Doubtless, you can think of exceptions to this general rule, but the rule still holds, and explains why contemporary American dramatists outshine their British rivals. There is a schoolmasterly didacticism about British television, and much of British theatre. Writers or their commissioning editors believe that the first priority is to repeat approved pieties or deliver the required moral uplift rather than provide convincing contemporary narratives.
The great Adrian Lester, who played Henry V and Hamlet on stage without the audience storming out in protest, once complained about writers of soap operas who wrote characters as "blacks" rather than individuals. "As soon as anybody ceases to see you as an individual, it's problematic," he said. "They stop seeing you as you."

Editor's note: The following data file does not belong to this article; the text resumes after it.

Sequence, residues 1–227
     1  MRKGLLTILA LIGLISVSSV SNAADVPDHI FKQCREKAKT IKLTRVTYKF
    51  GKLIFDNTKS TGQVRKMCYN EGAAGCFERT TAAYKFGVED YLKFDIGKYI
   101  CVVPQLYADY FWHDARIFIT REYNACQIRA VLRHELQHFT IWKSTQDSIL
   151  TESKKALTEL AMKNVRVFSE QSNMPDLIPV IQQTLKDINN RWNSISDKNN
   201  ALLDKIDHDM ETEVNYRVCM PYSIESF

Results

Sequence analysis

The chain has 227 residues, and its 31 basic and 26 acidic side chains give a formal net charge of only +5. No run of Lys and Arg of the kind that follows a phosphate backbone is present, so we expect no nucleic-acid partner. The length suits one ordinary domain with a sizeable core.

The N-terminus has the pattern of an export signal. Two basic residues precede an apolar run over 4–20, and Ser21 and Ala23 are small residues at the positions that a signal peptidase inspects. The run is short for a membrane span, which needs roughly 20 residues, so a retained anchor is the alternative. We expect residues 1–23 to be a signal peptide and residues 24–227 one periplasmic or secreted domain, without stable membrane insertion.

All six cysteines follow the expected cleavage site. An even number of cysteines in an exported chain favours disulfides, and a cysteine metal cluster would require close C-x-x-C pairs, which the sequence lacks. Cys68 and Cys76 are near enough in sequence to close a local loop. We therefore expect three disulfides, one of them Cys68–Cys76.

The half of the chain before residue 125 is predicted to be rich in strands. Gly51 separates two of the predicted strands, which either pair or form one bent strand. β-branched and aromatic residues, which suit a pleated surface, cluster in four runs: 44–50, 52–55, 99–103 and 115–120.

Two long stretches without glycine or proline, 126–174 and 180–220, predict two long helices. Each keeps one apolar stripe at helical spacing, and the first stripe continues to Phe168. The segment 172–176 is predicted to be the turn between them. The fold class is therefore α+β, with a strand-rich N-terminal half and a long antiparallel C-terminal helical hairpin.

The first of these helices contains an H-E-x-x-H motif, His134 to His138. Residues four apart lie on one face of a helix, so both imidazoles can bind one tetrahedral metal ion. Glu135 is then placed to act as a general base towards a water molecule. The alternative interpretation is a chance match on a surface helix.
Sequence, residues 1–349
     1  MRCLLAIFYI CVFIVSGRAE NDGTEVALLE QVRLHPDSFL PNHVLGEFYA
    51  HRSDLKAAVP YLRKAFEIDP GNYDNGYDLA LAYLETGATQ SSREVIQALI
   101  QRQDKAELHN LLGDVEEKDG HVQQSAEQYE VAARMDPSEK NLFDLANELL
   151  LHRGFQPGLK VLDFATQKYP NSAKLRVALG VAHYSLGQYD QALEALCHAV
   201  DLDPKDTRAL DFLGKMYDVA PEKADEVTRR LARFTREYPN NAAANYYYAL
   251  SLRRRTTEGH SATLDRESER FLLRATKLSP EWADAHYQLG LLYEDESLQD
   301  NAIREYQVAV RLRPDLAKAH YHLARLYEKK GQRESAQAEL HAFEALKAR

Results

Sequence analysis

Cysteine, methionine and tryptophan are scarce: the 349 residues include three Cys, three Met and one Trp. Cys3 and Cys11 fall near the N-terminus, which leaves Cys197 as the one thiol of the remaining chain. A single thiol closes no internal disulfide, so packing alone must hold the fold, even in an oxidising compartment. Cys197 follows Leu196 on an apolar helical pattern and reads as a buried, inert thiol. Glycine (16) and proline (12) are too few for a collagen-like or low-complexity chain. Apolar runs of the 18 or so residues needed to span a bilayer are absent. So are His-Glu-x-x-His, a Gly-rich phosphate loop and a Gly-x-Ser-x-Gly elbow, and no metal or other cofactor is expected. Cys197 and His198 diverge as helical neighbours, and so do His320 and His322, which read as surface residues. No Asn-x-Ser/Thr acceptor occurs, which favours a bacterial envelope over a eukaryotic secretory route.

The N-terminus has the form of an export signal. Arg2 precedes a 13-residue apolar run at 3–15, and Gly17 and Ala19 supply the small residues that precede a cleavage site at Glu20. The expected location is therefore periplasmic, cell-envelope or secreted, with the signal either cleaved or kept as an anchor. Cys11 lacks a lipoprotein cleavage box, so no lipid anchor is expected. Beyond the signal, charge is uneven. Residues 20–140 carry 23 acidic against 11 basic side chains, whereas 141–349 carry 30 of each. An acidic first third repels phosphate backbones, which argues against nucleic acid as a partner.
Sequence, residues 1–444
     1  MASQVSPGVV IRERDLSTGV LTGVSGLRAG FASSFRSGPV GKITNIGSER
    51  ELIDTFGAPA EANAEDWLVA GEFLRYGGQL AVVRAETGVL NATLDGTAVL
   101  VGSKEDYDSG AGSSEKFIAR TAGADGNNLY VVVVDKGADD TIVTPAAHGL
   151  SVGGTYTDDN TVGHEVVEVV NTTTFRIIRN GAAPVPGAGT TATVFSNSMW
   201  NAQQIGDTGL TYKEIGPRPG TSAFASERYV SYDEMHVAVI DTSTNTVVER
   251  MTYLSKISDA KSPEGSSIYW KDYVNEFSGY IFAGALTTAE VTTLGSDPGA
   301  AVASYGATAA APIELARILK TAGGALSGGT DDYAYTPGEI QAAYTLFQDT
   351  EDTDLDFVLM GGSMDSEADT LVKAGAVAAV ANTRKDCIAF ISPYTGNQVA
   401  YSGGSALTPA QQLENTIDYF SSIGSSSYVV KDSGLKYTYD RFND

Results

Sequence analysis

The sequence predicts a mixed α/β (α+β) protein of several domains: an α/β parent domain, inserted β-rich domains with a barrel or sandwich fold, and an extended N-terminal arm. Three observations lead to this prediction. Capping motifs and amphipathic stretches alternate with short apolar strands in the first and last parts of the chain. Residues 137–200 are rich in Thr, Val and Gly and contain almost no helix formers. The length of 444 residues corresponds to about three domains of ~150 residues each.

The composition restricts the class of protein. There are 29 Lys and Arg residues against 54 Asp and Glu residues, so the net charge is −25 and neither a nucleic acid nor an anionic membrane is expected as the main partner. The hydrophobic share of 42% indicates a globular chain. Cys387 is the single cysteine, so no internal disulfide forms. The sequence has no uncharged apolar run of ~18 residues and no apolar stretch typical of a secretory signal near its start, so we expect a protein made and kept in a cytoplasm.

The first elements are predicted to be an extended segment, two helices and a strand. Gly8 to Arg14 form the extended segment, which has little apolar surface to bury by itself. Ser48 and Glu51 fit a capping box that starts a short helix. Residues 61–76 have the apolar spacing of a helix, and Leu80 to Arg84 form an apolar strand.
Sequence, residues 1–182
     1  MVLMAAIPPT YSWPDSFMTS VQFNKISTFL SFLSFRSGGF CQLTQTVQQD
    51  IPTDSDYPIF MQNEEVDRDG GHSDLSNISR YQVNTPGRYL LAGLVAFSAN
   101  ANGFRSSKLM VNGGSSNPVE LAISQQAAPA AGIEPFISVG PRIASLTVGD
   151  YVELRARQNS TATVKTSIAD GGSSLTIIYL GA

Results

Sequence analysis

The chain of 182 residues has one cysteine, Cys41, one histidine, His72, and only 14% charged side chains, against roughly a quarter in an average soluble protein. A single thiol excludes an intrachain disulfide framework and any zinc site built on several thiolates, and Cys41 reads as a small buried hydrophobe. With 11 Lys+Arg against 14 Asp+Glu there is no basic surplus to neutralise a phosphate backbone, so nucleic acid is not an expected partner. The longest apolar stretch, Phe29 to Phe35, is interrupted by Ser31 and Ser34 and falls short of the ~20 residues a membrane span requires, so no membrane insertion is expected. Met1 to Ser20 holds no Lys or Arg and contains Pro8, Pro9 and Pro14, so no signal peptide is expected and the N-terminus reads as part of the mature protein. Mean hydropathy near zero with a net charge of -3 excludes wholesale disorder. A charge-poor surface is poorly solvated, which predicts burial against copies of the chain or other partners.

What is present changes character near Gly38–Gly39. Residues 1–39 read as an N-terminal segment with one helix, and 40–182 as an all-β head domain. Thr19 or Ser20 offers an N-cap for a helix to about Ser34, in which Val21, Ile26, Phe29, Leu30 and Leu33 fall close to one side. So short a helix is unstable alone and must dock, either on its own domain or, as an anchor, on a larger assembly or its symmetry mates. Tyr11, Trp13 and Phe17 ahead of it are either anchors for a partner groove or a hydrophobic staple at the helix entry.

His cry brought Russell's argument up to date. The point about ending prejudice is not to inject wholesomeness into the previously prejudiced mainstream by admitting allegedly virtuous outsiders, but to stop treating people as blocs by allowing women, gays and ethnic minorities to be like the rest of compromised humanity: corrupt or honest, shifty or straight, left wing or right wing according to the dictates of their characters.
British television is now an obstacle in the way of this modest advance. The wonder is that so many who work for it feel so good about themselves as they build barricades across the road to a better country.